The harshness of sanctions is the right path forward, a pressure campaign meant to cripple their capabilities to continue to sow discord throughout the world. Their behavior cannot go unchecked and it is the United States who has the heavy burden of leveling these actions, holding them accountable. This will give the United States no great honor or accolades from the international community nor support from our European allies who are poised to lose the most should Iran continue its belligerence. They would rather appease further and undermine the United States and its diplomatic efforts. Sanctions may be a harsh tool, but they are a diplomatic tool, a bludgeon, nonetheless. France today is offering an aid package to Iran to account for the lost revenue from oil Iran has suffered because of the sanctions. The aid package would effectively blunt the blows The United States needs to deliver to secure true and lasting peace. France, thinking itself the steward of the European Union, seeks to go the route of appeasement, just as Chamberlain, another steward of Europe, did nearly eighty one years ago. Less than one year later, the world was plunged in darkness. Damn the Iran Deal, let it whither and die the rightful death it deserves, the West should not give one single inch.

Writing

Piece 48 – The Immigration Conundrum By. Raimondo Graziano

The Immigration Conundrum

By. Raimondo Graziano

Immigration in the United States is an issue that divides. It divides not only the usual gaggle of reputable peoples, both Democrats and Republicans, but the divisions exist within the parties themselves. You have the hard liners, and those who take a more compassionate approach. You have those advocating for decriminalization of the illegal crossings from the Southern Border into the United States and those who
advocate for limits on legal immigration. The issue is divisive because it tugs at the very ideological leanings of the country and its very diverse populace, it pokes and prods at our identity as we continue to mature as a nation. It begs the question, who do we want to be as a people, as a country which claims to be the greatest in the world – a hefty, weighty title to live up to fully. A title we often have fallen back on in imprudence and in lethargy – simply a title we perhaps haven’t earned, rather than lean on it through great acts of compromise and statesmanship and those qualities which truly make up a great nation.

The questions surrounding how it is we effectively handle immigration in the country in a fair, equitable, and compassionate manner truly presents a moment for the nation to come together – our elected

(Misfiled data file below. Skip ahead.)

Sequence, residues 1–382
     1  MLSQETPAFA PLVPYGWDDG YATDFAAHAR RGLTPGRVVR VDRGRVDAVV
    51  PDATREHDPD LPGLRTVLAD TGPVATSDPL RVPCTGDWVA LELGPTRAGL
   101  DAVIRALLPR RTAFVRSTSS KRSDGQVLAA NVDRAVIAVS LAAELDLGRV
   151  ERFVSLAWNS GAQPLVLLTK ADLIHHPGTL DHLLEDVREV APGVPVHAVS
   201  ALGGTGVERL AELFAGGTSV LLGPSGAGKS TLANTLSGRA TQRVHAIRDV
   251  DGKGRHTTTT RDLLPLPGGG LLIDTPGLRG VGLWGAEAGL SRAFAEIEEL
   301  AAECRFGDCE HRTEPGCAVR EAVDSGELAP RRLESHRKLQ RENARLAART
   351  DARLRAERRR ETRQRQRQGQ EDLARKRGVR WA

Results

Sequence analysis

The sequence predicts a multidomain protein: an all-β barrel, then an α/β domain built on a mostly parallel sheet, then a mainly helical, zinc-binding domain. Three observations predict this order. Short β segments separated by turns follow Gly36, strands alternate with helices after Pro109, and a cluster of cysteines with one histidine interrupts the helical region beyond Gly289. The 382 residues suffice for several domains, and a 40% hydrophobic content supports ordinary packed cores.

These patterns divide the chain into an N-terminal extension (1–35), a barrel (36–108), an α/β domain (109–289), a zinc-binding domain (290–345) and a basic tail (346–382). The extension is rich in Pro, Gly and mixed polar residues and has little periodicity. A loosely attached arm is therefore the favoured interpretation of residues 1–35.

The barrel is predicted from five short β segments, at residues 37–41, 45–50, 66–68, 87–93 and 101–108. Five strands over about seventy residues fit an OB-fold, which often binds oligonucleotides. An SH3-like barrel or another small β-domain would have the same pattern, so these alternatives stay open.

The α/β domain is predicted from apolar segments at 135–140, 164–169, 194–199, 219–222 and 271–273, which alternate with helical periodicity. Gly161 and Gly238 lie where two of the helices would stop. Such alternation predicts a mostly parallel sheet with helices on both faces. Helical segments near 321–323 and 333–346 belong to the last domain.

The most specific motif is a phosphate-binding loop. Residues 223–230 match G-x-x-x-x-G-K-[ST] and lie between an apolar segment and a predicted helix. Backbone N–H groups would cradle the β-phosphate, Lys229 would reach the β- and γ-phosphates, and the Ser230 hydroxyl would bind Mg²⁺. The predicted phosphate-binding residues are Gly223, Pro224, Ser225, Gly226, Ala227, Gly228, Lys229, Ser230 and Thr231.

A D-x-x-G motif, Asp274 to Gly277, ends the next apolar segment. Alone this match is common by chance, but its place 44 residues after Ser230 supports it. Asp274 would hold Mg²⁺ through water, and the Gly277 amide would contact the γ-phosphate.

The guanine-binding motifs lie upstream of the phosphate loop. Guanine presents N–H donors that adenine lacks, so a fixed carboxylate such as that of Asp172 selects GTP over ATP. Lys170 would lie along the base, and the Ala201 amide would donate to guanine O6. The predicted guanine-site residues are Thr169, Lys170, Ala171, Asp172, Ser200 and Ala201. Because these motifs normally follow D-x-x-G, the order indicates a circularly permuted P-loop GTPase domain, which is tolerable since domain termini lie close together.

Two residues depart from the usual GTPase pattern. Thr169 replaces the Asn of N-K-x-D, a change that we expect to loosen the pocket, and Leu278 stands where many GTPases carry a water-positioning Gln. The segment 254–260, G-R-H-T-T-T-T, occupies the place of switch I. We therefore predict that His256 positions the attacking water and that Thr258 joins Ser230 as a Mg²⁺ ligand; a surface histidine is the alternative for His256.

representatives, and the citizens of the country – to come together to debate, compromise and bring forth a plan for reform. A model that can be used the world over, as the nations of the West reel from increased immigration, refugees, migrants and others seeking a better life the politicians are hamstrung. Unable
to do their jobs, due to the polarized and utterly politicized climate – hemorrhaging the ability for the governing bodies of the world to get anything done of any meaning. From the wars started in large part by us, the West, and to the growing threats posed by the Climate Crisis – immigration, refugees and migrants
will become more and more common place.

Already we can see that this is leading to increased nationalistic, nativist, and dangerous rhetoric and actors the world over. Yet we continue to barrel from one major crisis to the next, without giving much thought to what happens to the people. Surely, we cant let them suffer in their fates, from the wars we started, or from the world we industrialized and exploited. We need action. That being said, and with all due respect, is decriminalizing the border crossings the right answer? Politically, economically, or even
morally? Or guaranteeing healthcare for those who are undocumented? Surely, we needn’t act in extremes to combat these issues. I, more than anyone, understand the need for bold reforms now, though who said that bold, and progressive change, needs to be rash and ill thought out action? There is no doubt that we need to
take aggressive reform now, though we need to have a conversation about the truth, and an open and honest conversation at that.

Political correctness, and fear has swamped
the discussion. We can no loner discuss these important issues because we are afraid to offend someone, or to present unpopular opinions because they may harm an individual. We must have the ability, the right, to speak on these important, crucially important issues, openly and freely. When we can have a discussion, openly, without the war drums of the social media mobs pounding, then we can move forward as a people and not backward towards self-censure due to fear as if we lived in some authoritarian state. We are innovative and have faced issues boldly because we can speak truthfully on these issues, all of them, not in spite of it. The old trope that our diversity makes us stronger, is true,